How to Eat Cheaply Abroad

Eating is one of my absolute favorite activities while traveling. Some of my best travel memories are through food; whether it’s finishing dinner in France with a plate of oozing, raw-milk cheeses or devouring a fresh, cilantro-flecked ceviche in a Chilean seafood market, food ties you to a place in a way like no other.

While it would be a tragedy to go all the way to Spain and skimp on trying the pricey but celestial Iberian ham, it’s an important to know when to save and when to splurge when it comes to food.

A delicious waffle in Brussels for 1.80 euros, hot off the griddle

Here are some ideas for eating and drinking cheaply while still learning about the local food culture.

Street food.

From pork gyros in Greece to fried herring on wasa in Sweden, street food is tasty and economical. While many people are skeptical about eating street food, my rule of thumb is that if you see a long line or the locals rave about it, the street food is safe for you to eat it too.

The best fried herring ever. If you are in Stockholm please go here and let me live vicariously through you.


You’re never going to feel like Ina Garten in a hostel kitchen, but it is possible to make simple, filling meals; pasta with sausage and tomato sauce, bruschetta and goat cheese salad are some of my favorites. And don’t forgot to use the ‘free box’- most hostels have a box where travelers leave behind the ingredients they don’t need.

Farmers’ markets.

Farmers’ markets are a great way to collect ingredients for a picnic or a simple meal at the hostel (and also just a lot of fun to see). Once while staying in Cork, Ireland I bought Irish soda bread, buttered eggs and white cheddar at the famed English Market. I returned to my hostel and made myself a delicious fried egg and cheddar sandwich. Inexpensive, filling, delicious.


 I love picnics- it’s a great way to save money while enjoying a simple meal, wine in the park and people-watching. Just bring a baguette with some cheese and deli meat and enjoy yourself! And even though Rick Steves has led me astray in the past, this picnic set actually looks very useful.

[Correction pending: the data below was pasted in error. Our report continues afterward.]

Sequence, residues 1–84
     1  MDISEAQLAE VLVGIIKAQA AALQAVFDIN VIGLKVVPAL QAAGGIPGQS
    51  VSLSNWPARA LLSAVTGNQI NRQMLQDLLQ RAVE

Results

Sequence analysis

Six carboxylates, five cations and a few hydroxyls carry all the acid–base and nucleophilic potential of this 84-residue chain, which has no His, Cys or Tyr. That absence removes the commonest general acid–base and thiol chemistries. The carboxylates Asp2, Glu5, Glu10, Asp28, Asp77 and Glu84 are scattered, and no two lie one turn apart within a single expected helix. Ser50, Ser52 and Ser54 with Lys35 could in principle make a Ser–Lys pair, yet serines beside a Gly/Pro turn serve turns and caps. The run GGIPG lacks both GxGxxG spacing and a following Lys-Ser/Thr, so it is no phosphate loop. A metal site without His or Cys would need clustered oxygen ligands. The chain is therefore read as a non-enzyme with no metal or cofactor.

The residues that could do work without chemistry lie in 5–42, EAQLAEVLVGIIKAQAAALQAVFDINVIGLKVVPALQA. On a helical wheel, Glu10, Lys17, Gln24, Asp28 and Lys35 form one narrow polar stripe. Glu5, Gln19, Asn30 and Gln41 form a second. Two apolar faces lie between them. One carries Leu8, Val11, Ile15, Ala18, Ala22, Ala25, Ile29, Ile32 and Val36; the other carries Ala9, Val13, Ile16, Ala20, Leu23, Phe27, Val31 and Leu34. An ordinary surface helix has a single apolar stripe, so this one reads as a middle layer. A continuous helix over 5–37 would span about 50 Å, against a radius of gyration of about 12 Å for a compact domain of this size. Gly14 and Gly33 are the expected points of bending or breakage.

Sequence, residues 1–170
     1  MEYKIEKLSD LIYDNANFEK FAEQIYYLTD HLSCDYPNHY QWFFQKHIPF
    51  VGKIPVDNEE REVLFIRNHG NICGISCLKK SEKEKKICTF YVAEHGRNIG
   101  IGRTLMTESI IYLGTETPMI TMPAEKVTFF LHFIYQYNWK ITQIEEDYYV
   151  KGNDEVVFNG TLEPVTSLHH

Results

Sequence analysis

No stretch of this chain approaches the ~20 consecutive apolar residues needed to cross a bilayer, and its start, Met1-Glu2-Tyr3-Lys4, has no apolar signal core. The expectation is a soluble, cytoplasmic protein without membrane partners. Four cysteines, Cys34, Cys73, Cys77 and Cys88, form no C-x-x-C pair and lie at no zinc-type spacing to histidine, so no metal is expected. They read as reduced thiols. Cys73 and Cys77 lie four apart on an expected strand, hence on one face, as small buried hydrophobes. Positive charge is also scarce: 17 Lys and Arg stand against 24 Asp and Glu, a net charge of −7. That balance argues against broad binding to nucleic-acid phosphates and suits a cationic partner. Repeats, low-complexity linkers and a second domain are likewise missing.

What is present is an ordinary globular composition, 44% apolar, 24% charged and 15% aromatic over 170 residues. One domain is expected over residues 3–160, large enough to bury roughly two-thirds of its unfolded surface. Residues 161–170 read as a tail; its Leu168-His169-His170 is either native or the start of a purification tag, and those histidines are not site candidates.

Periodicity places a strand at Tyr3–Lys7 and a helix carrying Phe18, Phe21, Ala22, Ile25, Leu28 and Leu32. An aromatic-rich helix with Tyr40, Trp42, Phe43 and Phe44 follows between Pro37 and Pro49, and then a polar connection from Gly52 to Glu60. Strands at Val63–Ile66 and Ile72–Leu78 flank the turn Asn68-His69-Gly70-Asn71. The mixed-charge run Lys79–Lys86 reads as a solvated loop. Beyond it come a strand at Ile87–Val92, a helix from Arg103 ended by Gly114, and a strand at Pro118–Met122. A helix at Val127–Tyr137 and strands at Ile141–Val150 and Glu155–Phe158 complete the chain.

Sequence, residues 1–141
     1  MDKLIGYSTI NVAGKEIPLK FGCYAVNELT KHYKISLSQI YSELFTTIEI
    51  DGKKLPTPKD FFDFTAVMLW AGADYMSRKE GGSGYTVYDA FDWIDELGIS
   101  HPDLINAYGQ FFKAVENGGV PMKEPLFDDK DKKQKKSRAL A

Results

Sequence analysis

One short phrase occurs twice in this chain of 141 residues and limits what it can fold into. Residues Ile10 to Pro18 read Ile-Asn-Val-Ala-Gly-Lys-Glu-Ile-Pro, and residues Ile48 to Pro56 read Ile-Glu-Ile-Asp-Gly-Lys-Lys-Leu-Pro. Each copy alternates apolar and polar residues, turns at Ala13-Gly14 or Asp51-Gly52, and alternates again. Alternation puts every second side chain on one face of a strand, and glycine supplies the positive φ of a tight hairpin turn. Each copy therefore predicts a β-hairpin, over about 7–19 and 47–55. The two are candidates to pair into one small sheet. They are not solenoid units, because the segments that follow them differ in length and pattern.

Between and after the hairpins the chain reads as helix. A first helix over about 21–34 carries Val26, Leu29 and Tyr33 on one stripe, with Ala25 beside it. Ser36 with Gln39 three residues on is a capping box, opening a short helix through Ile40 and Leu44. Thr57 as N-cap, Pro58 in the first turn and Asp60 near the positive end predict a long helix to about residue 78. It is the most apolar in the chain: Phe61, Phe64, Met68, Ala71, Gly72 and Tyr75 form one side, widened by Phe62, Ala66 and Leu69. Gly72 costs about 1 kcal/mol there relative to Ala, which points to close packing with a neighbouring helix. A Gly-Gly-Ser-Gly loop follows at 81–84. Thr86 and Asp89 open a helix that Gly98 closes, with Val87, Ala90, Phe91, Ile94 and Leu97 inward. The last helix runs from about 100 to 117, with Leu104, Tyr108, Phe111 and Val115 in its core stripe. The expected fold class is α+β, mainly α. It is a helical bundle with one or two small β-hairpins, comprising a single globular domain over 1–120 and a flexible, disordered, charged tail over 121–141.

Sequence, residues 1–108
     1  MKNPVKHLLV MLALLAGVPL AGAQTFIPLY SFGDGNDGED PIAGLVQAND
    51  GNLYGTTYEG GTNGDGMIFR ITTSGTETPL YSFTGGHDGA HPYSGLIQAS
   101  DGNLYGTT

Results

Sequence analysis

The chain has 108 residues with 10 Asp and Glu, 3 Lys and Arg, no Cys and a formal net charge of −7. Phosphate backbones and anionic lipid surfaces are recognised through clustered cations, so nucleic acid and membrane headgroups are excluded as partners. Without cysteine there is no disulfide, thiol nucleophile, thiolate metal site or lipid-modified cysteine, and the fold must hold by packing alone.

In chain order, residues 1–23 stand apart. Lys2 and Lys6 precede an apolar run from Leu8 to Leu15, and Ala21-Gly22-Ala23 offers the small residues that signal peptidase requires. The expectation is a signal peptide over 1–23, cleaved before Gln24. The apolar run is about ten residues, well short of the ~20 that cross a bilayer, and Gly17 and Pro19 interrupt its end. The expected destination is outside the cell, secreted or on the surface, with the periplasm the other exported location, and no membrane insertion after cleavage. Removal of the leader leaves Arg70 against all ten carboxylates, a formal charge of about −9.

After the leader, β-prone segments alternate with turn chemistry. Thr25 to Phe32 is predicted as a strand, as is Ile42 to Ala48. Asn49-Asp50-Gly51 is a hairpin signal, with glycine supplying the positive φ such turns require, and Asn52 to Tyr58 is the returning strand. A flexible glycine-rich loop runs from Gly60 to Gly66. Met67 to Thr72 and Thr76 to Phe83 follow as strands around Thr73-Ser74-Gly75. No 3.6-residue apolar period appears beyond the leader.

I also have some tips about how to drink cheaply abroad, check them out!

Enough about me! What are some of the ways you save money on food while traveling?

Enjoyed this post? Subscribe here!

Subscribe here to receive new Ashley Abroad posts straight to your inbox.

I'll never send you spam. And you can unsubscribe at any time. Powered by ConvertKit
This post may have affiliate links, which means I may receive commissions if you choose to purchase through links I provide (at no extra cost to you). Please read my disclosure for more info.
About Ashley Fleckenstein

Ashley is a travel and lifestyle blogger who lives in Ann Arbor, Michigan. Since college she has au paired in Paris, backpacked the world solo, and lived in Uganda. Her work has been featured by Buzzfeed, Forbes, TripAdvisor, and Glamour Magazine.

2 thoughts on “How to Eat Cheaply Abroad”

  1. Goat milk is often consumed by young children, the elderly, those who are ill, or have a low tolerance to cow’s milk. Goat milk is more similar to human milk than that of the cow, although there is large variation among breeds in both animals. Although the West has popularized the cow, goat milk and goat cheese are preferred dairy products in much of the rest of the world. Because goat cheese is often made in areas where refrigeration is limited, aged goat cheeses are often heavily treated with salt to prevent decay. As a result, salt has become associated with the flavor of goat cheese.*

    All the best

Comments are closed.